There should be no other choice for the Raptors if they can secure the first pick in the draft. Anthony Davis is a game changing player, and one that is raw enough to be developed into anything an organization could want.
Pick Two: Michael Kidd-Gilchrist, Bradley Beal
Both of these players will be available at number two, as any team that passes on Anthony Davis deserves to be contracted.
Like Davis, MKG (Kidd-Gilchrist) is difficult to project. He's very strong, tenacious, versatile, and frankly, a blank slate. He's been compared to players like Gerald Wallace, Andre Iguodala, and Josh Smith. All three of those players have two things in common. They're relentless, defensive behemoths, and they're nearly unstoppable at the rim. And like them, MKG should be capable of playing multiple positions effectively. I would not be surprised to see him play some power forward or even shooting guard for a developing team.
Conversely, Beal is a polished scorer with a knack for distributing the ball and being patient. His intensity and drive have been questioned, but he's a deadly shooter that would fit terrifically with the Raptors. He's often compared to Eric Gordon, both for his physical profile and his game. This comparison is warranted. Beal is a very heady player, electing to let his team mates score before he needs to dominate and make big plays. He knows he warrants the occasional double team and attention of his defenders, and makes sound passes to slashers and spot-up shooters. He's more than capable of coexisting with DeMar DeRozan, and should flourish with bigs like Valanciunas and Bargnani.
Pick Three: Leftovers from pick two, Harrison Barnes
I doubt the Raptors are interested in developing another big in an already deep frontcourt, so let's ignore Thomas Robinson and Andre Drummond. Obviously, the Raptors should pick up Beal or MKG at three, however I'd suggest that they take a good, hard look at Harrison Barnes as well.
Barnes has been the subject of a lot of criticism since his freshman year at North Carolina, and deservedly so. He's probably the most polished player in the draft, but he's also an average athlete with little drive. His comparisons? Anything from a 6'8" Joe Johnson to Marvin Williams. His success at the NBA level will be dependent on who coaches him. If he's motivated and stimulated, he could very well be the best player in this draft (outside of Davis). However, if he's allowed to be nonchalant, he's just an overpaid spot-up shooter.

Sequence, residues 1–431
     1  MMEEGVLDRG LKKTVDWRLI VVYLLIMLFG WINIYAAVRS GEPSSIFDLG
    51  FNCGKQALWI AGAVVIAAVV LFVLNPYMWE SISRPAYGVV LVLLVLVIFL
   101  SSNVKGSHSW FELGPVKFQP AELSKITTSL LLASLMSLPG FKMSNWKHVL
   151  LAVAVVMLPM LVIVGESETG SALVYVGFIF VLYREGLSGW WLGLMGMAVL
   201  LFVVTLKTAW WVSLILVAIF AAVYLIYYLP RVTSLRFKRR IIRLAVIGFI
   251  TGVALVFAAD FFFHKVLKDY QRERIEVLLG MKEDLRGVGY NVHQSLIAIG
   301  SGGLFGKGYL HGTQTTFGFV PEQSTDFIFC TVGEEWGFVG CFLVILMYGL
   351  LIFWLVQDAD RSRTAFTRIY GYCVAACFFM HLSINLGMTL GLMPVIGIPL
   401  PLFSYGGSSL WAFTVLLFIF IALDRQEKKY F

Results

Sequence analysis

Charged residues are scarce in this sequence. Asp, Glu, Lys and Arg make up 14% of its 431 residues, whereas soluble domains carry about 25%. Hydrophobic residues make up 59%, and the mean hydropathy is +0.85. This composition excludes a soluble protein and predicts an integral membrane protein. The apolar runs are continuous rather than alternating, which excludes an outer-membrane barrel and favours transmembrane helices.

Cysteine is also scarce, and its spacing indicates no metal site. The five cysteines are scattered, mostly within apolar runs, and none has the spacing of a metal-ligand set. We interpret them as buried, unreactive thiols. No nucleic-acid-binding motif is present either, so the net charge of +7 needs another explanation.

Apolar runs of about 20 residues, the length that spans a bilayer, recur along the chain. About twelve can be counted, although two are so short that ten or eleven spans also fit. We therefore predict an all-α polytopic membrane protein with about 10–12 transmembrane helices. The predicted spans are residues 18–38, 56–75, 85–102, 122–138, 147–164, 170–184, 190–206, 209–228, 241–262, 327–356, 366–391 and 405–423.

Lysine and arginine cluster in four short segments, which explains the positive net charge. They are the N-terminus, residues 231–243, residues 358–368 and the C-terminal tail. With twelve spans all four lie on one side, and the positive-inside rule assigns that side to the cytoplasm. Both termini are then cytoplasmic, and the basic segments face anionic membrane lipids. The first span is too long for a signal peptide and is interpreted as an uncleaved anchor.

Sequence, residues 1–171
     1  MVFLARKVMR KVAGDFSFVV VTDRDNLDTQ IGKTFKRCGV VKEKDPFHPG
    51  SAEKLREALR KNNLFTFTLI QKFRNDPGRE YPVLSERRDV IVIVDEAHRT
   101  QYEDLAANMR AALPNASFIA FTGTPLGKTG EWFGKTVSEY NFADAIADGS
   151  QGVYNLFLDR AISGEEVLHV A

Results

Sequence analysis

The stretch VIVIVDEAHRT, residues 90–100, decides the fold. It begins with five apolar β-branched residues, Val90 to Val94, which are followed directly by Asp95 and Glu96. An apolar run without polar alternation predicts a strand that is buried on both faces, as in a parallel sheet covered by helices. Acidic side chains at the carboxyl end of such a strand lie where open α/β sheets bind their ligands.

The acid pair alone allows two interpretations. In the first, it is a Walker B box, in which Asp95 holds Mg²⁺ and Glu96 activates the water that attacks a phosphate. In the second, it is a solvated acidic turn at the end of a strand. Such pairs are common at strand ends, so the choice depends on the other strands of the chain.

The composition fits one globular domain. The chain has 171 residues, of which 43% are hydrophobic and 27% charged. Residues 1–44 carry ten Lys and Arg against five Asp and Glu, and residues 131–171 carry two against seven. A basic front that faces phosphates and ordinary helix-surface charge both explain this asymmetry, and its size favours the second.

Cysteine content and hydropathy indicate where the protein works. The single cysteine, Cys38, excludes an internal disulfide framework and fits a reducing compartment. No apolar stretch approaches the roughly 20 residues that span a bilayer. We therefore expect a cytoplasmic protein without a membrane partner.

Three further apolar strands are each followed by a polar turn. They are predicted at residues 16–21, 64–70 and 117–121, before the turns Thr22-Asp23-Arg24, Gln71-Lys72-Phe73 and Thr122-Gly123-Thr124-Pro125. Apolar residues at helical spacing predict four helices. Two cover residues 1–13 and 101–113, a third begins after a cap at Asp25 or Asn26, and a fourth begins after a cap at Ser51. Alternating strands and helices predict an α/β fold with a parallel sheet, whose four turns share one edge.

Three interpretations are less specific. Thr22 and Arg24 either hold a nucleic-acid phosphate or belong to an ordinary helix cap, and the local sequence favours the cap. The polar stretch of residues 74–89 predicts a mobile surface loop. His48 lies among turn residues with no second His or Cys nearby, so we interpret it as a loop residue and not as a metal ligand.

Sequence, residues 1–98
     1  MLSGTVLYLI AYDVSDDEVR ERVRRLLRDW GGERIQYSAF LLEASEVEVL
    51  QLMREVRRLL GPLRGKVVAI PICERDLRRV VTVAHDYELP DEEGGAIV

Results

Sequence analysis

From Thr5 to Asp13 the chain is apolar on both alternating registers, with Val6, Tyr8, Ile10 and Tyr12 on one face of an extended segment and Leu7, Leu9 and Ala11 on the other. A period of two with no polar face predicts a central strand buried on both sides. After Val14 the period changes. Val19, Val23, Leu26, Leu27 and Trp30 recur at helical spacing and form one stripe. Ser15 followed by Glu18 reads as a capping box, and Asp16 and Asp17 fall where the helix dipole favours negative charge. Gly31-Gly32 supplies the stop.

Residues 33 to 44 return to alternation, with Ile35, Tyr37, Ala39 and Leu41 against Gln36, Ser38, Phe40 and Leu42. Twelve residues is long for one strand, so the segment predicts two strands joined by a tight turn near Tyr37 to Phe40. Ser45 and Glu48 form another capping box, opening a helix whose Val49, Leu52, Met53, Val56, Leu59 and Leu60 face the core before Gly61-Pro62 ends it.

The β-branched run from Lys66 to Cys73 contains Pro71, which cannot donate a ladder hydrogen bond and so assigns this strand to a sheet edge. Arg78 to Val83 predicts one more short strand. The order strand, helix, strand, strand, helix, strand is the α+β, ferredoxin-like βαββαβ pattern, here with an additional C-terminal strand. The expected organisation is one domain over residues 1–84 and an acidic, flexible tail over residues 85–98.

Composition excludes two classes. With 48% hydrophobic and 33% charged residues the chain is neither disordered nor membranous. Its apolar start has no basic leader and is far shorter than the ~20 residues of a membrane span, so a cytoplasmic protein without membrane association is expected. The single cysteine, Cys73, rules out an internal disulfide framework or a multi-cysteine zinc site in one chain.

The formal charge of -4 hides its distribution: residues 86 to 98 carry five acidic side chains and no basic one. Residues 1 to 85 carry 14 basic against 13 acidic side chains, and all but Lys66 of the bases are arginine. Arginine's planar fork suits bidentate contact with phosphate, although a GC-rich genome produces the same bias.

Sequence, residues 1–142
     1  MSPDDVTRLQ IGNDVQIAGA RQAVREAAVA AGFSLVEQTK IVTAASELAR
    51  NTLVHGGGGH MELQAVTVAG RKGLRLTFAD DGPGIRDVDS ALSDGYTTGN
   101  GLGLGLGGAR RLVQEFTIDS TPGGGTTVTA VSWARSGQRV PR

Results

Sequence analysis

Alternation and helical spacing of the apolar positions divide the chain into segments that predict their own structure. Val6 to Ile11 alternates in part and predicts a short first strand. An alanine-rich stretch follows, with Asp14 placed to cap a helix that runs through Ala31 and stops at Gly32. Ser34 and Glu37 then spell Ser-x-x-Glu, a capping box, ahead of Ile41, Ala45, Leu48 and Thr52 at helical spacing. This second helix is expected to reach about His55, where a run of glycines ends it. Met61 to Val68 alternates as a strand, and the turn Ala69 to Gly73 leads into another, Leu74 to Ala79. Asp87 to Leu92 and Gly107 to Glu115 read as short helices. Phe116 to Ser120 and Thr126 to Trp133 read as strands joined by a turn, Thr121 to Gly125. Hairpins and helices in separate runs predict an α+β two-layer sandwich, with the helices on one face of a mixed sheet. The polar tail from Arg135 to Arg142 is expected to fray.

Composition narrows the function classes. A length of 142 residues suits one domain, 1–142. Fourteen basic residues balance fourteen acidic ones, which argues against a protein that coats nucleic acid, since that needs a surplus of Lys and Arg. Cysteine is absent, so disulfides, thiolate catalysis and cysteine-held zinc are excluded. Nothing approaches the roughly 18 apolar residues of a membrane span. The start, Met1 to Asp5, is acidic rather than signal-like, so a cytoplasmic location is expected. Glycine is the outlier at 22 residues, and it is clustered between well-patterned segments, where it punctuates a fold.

There are some who believe that Barnes is a "what you see is what you get" player, meaning that he has no upside. I disagree. Barnes has added new facets to his game every year and takes his craft very seriously. His skills just don't find their way into games the way you'd expect them to. He's a great ball handler for his size, a good shooter, and an underrated passer. However, there's rarely any cohesion for him, and he disappears for long stretches of time before emerging with one or two big shots late in the game.
High risk, high reward. That is Harrison Barnes.
It's unlikely that the Raptors move up in the draft, but if they do, their future becomes brighter quickly. They're already adding Jonas Valanciunas (whom scouts agree would be the number two pick in this year's draft), and a second top-5 pick with their current roster might allow them to secure a playoff spot next season.
Add that to their $12 million in cap room, and the Raptors should be surprise the rest of the NBA next season. Casey has done a phenomenal job with poor circumstances. I'm eager to see what they're capable of with the impending influx of new talent.
Let's just pray that the lottery gods are kind.